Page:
Read three times, and ratified in General Assembly, the
Chas. JOHNSON, Sp. Sen.
S. CABARRUS, Sp. H. C." Now therefore know ye, That we, Samuel Johnston and Benjamin Hawkins, senators aforesaid, by virtue of the power and authority com
mitted to us by the said act, and in the name, and for and on behalf of Boundaries and the said state, do, by these presents, convey, assign, transfer, and set
conditions of the
cession. over unto the United States of America, for the benefit of the said states, North Carolina inclusive, all right, title, and claim which the said state hath to the sovereignty and territory of the lands situated within the chartered limits of the said state, as bounded and described in the above recited act of the General Assembly, to and for the uses and purposes, and on the conditions mentioned in the said act.
In witness whereof, we have hereunto subscribed our names, and
affixed our seals, in the senate-chamber, at New York, this
SAM. JOHNSTON. (L.S.)
BENJAMIN HAWKINS. (L.S.) Signed, sealed, and delivered
in the presence of
San. A. Oris. Be it enacted by the Senate and House of Representatives of the United States of America in Congress assembled, That the said deed be, and
Accepted. the same is hereby accepted.
APPROVED, April 2, 1790.
STATUTE II. Chap. VII.-An Act lo promote the progress of useful Arts.(a)
April 10, 1790. Section 1. Be it enacted by the Senate and House of Representatives
Patents for of the United States of America in Congress assembled, That upon the useful discover; petition of any person or persons to the Secretary of State, the Secretary for, and granted.
(a) The acts passed by Congress, subsequent to this statute, relating to patents for useful inventions, have been :
1. An “act to promote the progress of useful arts; and to repeal the act heretofore made for this purpose," passed February 21, 1793. Repealed by act of July 4, 1836.
2. An act supplementary to the act entitled an "act to promote the progress of useful arts," passed June 7, 1794. Repealed by act of July 4, 1836.
3. An act to extend the privilege of obtaining patents for useful discoveries and inventions to certain persons therein mentioned, and to enlarge and define the penalties for violating the rights of patentees, passed April 17, 1800. Repealed by act of July 4, 1836.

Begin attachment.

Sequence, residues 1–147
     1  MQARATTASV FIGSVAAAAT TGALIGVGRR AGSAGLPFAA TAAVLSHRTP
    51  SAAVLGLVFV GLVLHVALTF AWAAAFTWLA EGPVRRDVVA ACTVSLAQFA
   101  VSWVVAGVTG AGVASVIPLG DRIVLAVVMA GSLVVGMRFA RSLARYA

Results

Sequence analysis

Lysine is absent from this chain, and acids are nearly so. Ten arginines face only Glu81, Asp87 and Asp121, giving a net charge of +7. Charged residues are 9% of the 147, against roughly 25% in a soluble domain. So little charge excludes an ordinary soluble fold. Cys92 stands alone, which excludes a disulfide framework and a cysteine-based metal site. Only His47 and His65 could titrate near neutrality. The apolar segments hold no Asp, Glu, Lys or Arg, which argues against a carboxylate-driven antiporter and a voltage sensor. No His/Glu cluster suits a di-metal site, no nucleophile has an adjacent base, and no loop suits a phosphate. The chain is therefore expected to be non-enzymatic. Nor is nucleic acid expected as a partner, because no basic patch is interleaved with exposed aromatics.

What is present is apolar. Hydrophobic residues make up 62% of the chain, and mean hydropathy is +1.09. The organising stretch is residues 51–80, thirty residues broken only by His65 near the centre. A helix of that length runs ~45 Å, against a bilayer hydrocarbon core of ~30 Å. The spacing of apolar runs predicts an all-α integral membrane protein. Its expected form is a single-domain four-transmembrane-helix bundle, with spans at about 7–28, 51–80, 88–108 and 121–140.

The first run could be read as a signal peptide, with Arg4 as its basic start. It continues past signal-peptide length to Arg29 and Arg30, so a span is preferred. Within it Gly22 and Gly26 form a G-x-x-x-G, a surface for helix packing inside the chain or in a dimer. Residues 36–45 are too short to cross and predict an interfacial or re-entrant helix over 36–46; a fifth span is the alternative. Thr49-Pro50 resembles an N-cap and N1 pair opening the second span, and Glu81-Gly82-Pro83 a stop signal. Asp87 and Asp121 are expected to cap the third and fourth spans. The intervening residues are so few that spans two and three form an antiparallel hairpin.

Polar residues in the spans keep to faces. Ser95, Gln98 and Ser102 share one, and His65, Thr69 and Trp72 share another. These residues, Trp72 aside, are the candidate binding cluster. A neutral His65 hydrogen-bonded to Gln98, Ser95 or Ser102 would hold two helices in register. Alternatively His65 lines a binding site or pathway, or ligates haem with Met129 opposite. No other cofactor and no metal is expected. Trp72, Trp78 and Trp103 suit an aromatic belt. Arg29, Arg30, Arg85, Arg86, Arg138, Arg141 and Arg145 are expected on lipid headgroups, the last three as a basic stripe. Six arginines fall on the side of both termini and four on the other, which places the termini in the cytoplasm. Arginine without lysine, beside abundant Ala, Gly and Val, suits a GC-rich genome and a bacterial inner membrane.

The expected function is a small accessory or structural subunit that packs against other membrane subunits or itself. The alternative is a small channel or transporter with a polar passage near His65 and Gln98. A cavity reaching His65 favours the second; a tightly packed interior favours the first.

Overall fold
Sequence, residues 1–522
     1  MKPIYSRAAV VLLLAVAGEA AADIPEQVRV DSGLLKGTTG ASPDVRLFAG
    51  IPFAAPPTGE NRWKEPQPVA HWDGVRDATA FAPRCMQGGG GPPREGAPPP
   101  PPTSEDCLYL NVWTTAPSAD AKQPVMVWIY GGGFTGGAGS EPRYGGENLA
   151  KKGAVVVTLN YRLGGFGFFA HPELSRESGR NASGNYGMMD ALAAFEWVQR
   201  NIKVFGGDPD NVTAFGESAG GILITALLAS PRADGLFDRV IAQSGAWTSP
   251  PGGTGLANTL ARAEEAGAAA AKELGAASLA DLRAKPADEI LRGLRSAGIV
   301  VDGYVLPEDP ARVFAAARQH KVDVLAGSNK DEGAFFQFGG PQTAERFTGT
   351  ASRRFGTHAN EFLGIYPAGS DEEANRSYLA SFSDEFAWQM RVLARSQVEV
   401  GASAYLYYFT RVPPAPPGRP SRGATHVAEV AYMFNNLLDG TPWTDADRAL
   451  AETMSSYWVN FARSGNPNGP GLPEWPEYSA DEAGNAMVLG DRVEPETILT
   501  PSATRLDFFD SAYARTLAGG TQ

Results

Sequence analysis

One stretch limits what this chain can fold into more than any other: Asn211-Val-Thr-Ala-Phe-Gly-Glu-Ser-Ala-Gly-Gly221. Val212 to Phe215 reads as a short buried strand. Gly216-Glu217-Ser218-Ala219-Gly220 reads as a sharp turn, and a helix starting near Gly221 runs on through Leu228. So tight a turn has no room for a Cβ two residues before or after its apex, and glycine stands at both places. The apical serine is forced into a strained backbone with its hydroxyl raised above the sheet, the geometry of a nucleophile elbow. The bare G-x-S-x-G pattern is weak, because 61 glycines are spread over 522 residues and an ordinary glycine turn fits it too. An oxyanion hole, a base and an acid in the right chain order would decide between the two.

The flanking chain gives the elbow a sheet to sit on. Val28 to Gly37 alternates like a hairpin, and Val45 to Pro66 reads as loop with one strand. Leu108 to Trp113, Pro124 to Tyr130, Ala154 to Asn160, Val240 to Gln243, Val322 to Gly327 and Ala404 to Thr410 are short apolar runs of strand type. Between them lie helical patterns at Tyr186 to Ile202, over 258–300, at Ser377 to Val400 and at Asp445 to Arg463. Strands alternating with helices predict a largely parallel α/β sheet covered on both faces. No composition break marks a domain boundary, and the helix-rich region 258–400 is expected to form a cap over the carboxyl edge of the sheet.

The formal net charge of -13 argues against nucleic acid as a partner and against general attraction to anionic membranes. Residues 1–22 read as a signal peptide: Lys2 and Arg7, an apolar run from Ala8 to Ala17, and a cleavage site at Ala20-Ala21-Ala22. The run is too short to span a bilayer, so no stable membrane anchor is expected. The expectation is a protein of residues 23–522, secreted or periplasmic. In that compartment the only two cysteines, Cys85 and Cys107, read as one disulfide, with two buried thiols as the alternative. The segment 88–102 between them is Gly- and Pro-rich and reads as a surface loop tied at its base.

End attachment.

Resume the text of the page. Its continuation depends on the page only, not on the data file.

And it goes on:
4. An act concerning patents for useful inventions, passed July 3, 1832. Repealed by act of July 4, 1836.
5. An act concerning the issuing of patents to aliens for useful discoveries and inventions, passed July 13, 1832. Repealed by act of July 4, 1836.
6. An act to promote the progress of useful arts, and to repeal all acts heretofore made for that purpose, passed July 4, 1836.
7. An act authorizing the commissioner of the patent office to issue patents to Angier Marsh Perkins, and John Howard Ryan, passed March 31, 1838.
8. An act in addition to an act to promote the progress of the useful arts, passed March 3, 1839, chap. 87. Altered by act of August 29, 1842, chap. 262.
9. An act in addition to an act to promote the progress of the useful arts, and to repeal all acts here. tofore made for that purpose, passed August 29, 1842, chap. 262.
The following cases have been decided in the courts of the United States, upon the laws granting patents for new and useful inventions :
1. On the form and subjects of patents,–Invention and Discovery,—the Specification and Description. -Evans v. Eaton, 3 Wheat. 454; 4 Cond. Rep. 291. Pennock v. Dialogue, 2 Peters, 16. Grant et al. v. Raymond, 6 Peters, 218. Shaw v. Cooper, 7 Peters, 292. Prouty v. Ruggles, 16 Peters, 336. Whittemore v. Cutter, 1 Gallis. C. C. R. 429, 478. Odiorne v. Winkley. 2 Gallis. c. C. R. 51. Stearns v. Barret, i Mason's C. C. R. 153. Lowell v. Lewis, 1 Mason's C. C. R. 182. Bedford v. Hunt, 1 Mason's C. C. R. 302, Kneass v. The Schuylkill Bank, 4 Wash. C. C. R. 9. Barrett et al. v. Hall et al., 1 Mason's C. C. R. 447. Odiorne v. The Amesbury Nail Factory, 2 Mason’s C. C. R. 28. Moody v. Fisk et al., 2 Mason's C. C. R. 112. Langdon v. De Groot, Paine's C. C. R. 203. Goodyear v. Matthews, Paine's C. C. R. 300. Morris v. Huntingdon, Paine's C. C. R. 348. Sullivan v. Redfield et al., Paine's C. C. R. 441. Rutgen v. Kanowers, 1 Wash. C. C. R. 168. Evans v. Chambers, 2 Wash.C.C. R. 125. Evans v. Eaton, 3 Wash. C. C. R. 443; Peters' C. C. R. 322. Dixon v. Moyer, 4 Wash. C. C. R. 68. Gray et al. v. James et al., Peters' C. C. R. 394. Mellus v. Silsbee, 4 Mason's C. C. R. 108. Ames v. Howard, 1 Sumner's C. C. R. 182. Delano v. Scott, Gilpin's D. C. R. 489. Wood v. Williarns, ibid. 517. Evans v. Jordan et al., 1 Brockenb. C. C. R. 248. Davis v. Palmer, 2 Brockenb. C. C. R. 298. Ryan v. Goodwin, 3 Sumner's C. C. R. 514. Blanchard v. Sprague, 3 Sumner's C. C. R. 279. Alden v. Dewey, 1 Story's C. C. R. 336. Prouty v. Draper, ibid. 568. Reed v. Cutter, ibid. 590. Ston v. Sprague, ibid. 270.
Infringement of Patent Rights.- Evans v. Jordon et al., 9 Cranch, 199; 3 Cond. Rep. 358. Keplenger v. De Young, 10 Wheat. 355; 6 Cond. Rep. 135. Shaw v. Cooper, 7 Pelers, 292. W littemorc v. Cutter,